Fortnite is at a major turning point as it reaches into the next generation of home gaming consoles and transitions to the next edition of Unreal Engine. Epic Games’ own Lead Console Programmer Ben Woodhouse spoke up this week about the future of one of the most popular games in the world.
We’ve previously taken a peek at how Fortnite is changing for Xbox Series X. Thanks to an extended interview at Xbox with Woodhouse, we’re able to verify a few features and upcoming features for the game’s near future.
Beyond the bits that should be immediately apparent, the “obvious visual upgrades” as Woodhouse described them, Epic Games took advantage of the graphics power embedded in Xbox Series X (and S) to include some features that “make the world feel more dynamic and alive.”
Added to Fortnite for Xbox Series X/S:
• Simulated physics fields for explosions shockwaves
• Realistic motion to grass and foliage for explosions
• Raymarched volumetric clouds (in the sky)
• New storm effects
• New fire effects (GPU fluid simulations)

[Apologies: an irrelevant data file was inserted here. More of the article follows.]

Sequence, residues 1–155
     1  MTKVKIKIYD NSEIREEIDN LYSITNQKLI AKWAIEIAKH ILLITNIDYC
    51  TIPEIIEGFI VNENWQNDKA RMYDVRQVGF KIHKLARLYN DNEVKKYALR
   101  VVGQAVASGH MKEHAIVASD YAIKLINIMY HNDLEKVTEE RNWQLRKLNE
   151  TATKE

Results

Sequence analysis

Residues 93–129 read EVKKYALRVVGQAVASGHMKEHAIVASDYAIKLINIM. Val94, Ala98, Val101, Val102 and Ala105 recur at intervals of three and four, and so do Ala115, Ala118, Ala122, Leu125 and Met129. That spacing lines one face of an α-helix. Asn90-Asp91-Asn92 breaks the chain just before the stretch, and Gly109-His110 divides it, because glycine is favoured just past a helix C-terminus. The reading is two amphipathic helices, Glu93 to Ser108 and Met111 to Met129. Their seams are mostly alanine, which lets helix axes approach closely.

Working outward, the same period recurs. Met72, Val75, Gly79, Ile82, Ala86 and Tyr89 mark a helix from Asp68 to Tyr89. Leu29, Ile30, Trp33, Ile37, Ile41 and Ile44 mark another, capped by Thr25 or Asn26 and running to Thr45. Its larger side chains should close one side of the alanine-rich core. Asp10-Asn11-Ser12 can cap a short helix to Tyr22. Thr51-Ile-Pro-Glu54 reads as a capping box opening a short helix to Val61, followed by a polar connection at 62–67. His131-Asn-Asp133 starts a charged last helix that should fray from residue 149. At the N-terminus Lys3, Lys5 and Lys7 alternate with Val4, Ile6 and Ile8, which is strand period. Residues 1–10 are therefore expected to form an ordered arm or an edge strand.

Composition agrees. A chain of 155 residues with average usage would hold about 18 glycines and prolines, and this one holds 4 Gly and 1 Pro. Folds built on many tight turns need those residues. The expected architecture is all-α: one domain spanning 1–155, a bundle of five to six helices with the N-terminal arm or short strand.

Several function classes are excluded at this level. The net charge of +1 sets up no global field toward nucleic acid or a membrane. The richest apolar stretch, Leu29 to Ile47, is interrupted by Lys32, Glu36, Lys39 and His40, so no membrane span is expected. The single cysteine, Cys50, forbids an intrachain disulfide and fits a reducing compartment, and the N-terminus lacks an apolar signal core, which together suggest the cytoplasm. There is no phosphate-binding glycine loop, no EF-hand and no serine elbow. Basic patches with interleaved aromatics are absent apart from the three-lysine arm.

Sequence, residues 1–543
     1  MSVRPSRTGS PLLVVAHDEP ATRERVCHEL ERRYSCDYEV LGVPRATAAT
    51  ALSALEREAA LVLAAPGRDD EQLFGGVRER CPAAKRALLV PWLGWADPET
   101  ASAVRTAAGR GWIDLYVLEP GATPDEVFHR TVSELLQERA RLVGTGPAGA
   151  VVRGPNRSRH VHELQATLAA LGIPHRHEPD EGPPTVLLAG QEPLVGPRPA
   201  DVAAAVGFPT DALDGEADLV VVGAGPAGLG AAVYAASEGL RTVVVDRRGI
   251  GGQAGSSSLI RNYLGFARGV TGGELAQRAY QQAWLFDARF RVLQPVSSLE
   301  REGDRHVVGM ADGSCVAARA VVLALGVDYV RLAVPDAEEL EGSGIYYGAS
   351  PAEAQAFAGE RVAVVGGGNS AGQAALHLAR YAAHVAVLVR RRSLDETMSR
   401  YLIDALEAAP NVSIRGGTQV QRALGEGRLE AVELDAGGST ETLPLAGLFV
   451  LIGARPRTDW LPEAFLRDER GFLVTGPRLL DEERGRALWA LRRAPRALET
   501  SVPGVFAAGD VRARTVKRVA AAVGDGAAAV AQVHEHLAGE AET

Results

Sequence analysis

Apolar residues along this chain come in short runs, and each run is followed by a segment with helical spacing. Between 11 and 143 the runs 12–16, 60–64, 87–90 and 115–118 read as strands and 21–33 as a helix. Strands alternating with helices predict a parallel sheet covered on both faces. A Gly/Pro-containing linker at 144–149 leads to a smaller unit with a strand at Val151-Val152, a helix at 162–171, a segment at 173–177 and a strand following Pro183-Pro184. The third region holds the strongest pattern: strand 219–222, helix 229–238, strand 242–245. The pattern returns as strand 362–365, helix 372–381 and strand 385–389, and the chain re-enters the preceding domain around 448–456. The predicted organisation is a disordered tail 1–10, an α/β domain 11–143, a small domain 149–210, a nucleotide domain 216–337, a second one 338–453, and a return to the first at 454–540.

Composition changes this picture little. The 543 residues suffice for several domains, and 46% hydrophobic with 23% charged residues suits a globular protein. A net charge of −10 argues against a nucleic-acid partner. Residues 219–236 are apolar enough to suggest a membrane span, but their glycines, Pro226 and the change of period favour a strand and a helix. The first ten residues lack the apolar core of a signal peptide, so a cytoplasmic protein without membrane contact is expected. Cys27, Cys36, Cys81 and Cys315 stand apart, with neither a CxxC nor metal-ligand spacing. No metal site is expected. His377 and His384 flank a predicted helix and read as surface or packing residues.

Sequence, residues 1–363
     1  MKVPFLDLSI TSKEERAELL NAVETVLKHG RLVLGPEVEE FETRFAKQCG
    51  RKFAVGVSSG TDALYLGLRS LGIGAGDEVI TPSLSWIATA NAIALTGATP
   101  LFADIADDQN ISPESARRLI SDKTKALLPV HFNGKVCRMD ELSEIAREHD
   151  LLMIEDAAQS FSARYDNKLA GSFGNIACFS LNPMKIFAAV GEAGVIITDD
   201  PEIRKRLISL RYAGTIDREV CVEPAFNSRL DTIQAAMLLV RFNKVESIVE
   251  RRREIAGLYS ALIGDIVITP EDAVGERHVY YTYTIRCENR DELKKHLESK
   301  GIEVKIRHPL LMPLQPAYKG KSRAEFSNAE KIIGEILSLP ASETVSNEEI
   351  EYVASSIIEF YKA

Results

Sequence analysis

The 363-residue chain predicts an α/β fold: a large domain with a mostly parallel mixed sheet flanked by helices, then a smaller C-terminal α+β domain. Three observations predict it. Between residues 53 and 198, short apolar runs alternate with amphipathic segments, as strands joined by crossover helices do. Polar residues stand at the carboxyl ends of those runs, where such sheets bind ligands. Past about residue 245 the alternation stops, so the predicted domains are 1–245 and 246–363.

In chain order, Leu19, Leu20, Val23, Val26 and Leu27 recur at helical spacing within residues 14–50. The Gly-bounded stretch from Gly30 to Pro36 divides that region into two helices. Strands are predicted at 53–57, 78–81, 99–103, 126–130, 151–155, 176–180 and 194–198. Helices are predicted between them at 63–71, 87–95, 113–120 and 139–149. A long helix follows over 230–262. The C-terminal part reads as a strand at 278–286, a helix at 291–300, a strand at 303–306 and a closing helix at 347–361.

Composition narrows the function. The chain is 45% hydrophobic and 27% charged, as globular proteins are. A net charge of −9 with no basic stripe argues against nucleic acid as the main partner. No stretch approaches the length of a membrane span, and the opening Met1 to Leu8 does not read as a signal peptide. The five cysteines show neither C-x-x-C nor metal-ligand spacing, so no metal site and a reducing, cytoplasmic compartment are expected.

• New smoke effects (GPU fluid simulations)
• New elimination animations
The most major difference between the consoles Xbox Series X and Xbox Series S – when it comes to Fortnite – is in resolution targets. Fortnite for Xbox Series S targets 1080p output, while the Xbox Series X achieves 4k. Both consoles are able to reach 60fps frame rate “regardless of GPU load” thanks to TAA2. TAA2 is a “bleeding-edge temporal antialiasing algorithm” that’s active in Fortnite now and will be added to Unreal Engine 4.26 for developers in the near future.
Woodhouse also suggested that they “may also look at supporting a 120fps mode in future releases.” That means they COULD, but might not. They’re speaking of Fortnite on consoles, of course – they’ve already got higher frame rates in-effect on high-powered gaming PCs and… you know… iPad Pro.
Woodhouse also confirmed that while the current Fortnite universe runs on Unreal Engine 4, they’ll be moving forward quite soon. “In the next year, we will start moving Fortnite over to Unreal Engine 5 and are very excited to see what we can do with that change.”